Want to bird like the experts? Birding by Impression shares an exciting approach to bird identification that encourages the use of both right- and left-brain skills to form a complete ID picture. By combining a careful assessment of a bird's unchangeable features with the traditional method of looking at plumage details, readers are better equipped to tackle the difficult task of separating similar birds. Information about groups of birds, with representative images, as well as comparative photos of similar species, provide additional support.
With more than 200 photographs of North American species, this highly visual book shows birds in actual field conditions (such as compromised lighting), and provides quiz photos that allow readers to test their own ID conclusions.
Kevin Karlson is an accomplished birder, tour leader, and wildlife photographer. Kevin is a co-author of The Shorebird Guide and two other books.
Dale Rosselet is vice president for education for New Jersey Audubon and oversees the statewide education programs.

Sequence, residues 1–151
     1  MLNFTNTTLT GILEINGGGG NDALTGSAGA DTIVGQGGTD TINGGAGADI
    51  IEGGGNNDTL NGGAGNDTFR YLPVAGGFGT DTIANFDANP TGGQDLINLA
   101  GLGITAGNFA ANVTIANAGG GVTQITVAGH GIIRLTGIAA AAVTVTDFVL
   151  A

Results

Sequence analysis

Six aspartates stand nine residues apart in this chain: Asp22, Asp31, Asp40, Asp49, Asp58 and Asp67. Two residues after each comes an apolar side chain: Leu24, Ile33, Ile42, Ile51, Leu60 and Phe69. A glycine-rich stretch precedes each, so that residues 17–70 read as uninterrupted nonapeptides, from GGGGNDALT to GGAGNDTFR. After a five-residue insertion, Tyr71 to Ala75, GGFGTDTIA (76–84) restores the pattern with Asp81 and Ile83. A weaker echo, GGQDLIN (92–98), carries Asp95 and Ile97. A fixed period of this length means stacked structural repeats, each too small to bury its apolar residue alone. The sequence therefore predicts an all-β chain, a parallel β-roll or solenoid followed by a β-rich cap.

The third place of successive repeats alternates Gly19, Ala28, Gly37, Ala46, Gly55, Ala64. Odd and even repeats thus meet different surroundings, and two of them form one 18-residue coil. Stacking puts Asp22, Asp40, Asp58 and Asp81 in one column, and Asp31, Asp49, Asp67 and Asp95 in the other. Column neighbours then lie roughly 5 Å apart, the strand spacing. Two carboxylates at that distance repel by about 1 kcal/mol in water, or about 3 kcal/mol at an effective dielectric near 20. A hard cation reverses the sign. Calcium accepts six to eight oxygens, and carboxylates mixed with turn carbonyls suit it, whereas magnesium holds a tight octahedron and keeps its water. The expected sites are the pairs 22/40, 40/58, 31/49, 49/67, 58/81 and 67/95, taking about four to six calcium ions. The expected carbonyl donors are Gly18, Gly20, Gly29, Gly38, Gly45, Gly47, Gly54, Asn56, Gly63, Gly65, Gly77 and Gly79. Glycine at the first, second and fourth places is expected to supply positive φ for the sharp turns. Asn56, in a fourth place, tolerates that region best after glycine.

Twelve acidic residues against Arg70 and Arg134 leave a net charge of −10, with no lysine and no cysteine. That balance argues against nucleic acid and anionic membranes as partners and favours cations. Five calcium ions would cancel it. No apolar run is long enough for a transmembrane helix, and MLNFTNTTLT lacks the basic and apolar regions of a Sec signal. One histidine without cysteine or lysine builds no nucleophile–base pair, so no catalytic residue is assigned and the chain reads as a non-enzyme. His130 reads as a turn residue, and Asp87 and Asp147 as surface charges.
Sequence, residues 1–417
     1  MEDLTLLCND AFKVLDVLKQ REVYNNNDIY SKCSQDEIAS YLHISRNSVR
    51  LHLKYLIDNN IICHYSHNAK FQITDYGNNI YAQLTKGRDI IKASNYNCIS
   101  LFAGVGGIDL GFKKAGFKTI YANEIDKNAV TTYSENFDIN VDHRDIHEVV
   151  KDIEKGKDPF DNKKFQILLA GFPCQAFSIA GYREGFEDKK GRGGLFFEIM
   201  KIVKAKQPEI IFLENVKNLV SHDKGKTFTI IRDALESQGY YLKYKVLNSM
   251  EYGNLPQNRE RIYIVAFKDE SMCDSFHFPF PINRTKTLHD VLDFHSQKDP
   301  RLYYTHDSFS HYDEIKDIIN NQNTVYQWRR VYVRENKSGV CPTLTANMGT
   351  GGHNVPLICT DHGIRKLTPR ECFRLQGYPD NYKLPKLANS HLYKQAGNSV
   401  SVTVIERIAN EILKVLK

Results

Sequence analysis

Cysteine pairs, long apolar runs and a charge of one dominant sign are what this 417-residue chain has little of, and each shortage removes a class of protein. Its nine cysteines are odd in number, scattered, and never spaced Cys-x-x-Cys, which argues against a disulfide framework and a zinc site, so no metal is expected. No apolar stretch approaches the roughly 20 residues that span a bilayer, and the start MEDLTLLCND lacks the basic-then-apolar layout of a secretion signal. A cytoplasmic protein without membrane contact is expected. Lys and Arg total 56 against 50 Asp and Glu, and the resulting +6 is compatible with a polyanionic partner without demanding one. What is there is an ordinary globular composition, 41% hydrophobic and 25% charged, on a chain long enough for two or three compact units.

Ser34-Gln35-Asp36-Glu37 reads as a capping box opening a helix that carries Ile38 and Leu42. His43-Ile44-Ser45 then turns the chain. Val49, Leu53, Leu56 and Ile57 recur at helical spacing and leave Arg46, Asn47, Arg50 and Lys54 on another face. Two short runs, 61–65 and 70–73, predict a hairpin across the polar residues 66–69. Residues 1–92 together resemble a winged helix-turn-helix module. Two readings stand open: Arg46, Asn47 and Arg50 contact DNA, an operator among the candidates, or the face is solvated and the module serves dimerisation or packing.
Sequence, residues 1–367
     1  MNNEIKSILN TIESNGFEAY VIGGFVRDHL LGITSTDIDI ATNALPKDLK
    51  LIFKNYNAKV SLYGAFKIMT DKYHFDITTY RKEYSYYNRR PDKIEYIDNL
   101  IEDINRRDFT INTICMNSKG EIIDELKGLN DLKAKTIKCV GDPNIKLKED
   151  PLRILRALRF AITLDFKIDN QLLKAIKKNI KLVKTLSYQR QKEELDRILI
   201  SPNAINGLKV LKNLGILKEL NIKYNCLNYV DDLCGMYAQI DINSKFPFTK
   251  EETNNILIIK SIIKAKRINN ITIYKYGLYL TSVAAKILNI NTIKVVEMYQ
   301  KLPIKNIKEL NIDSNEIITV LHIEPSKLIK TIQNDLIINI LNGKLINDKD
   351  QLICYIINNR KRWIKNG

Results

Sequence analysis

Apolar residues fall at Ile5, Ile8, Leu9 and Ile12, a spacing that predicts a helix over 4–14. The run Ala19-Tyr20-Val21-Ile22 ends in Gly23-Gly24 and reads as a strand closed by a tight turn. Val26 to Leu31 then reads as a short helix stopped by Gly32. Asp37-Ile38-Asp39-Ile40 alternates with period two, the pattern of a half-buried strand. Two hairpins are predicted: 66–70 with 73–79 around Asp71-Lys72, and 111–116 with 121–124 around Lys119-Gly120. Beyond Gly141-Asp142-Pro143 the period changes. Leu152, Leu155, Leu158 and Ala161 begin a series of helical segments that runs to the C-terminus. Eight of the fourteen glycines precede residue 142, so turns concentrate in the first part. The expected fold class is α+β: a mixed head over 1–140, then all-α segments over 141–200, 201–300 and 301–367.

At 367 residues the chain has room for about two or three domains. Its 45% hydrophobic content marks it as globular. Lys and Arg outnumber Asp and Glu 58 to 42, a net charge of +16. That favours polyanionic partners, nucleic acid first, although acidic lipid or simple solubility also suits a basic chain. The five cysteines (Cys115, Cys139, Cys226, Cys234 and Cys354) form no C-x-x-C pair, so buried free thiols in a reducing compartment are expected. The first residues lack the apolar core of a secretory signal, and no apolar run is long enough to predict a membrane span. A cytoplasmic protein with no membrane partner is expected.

"[...] So, is Birding by Impression worth it? If you’re referring to the practice, then most definitely. It has the potential to improve anyone’s birding skills. As Karlson and Rosslet write: "BBI allows new and casual birders to build lasting ID skills that don’t require constant referencing of field guides, and gives advanced birders an opportunity to take their birding skills to new levels of proficiency and enjoyment. In both cases, the end result of this approach is truly knowing a bird rather than just identifying it."
But Birding by Impression, the book? The answer isn’t as clear. I was really looking forward to it, but was disappointed. I was hoping for more information at the species identification level. But if I look past that and focus on what is here, then I have to admit that it could still be valuable, especially to beginning and intermediate birders (or “improvers”, as an article I recently read put it). It does have some good pointers for separating difficult-to-ID birds. But the main benefit is that throughout the book, and especially in the introduction, the authors model a different way of looking at birds. This filter, so to speak, is built up with experience. Birding by Impression is no substitute for experience (which the authors acknowledge), but it does provide a foundation that you can use to start building that filter based upon your experiences, and to do so much quicker than you otherwise would have been able to."
- Grant McCreary (11-07-2015), read the full review at The Birder's Library